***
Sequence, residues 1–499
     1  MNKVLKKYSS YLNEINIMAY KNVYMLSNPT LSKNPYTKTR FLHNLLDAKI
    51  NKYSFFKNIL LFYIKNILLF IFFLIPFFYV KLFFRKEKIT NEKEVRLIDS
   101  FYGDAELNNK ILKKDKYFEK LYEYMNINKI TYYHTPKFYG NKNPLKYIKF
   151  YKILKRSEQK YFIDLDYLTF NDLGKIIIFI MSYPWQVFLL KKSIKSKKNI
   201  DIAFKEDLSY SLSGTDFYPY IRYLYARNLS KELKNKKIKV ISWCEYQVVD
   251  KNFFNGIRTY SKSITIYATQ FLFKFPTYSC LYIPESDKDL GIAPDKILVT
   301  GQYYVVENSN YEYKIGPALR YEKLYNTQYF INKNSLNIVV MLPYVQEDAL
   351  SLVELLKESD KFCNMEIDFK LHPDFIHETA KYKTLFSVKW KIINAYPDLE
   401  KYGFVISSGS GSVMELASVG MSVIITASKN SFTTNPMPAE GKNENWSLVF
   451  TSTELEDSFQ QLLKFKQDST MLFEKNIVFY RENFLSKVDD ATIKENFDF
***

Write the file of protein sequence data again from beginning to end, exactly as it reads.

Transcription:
Sequence, residues 1–499
     1  MNKVLKKYSS YLNEINIMAY KNVYMLSNPT LSKNPYTKTR FLHNLLDAKI
    51  NKYSFFKNIL LFYIKNILLF IFFLIPFFYV KLFFRKEKIT NEKEVRLIDS
   101  FYGDAELNNK ILKKDKYFEK LYEYMNINKI TYYHTPKFYG NKNPLKYIKF
   151  YKILKRSEQK YFIDLDYLTF NDLGKIIIFI MSYPWQVFLL KKSIKSKKNI
   201  DIAFKEDLSY SLSGTDFYPY IRYLYARNLS KELKNKKIKV ISWCEYQVVD
   251  KNFFNGIRTY SKSITIYATQ FLFKFPTYSC LYIPESDKDL GIAPDKILVT
   301  GQYYVVENSN YEYKIGPALR YEKLYNTQYF INKNSLNIVV MLPYVQEDAL
   351  SLVELLKESD KFCNMEIDFK LHPDFIHETA KYKTLFSVKW KIINAYPDLE
   401  KYGFVISSGS GSVMELASVG MSVIITASKN SFTTNPMPAE GKNENWSLVF
   451  TSTELEDSFQ QLLKFKQDST MLFEKNIVFY RENFLSKVDD ATIKENFDF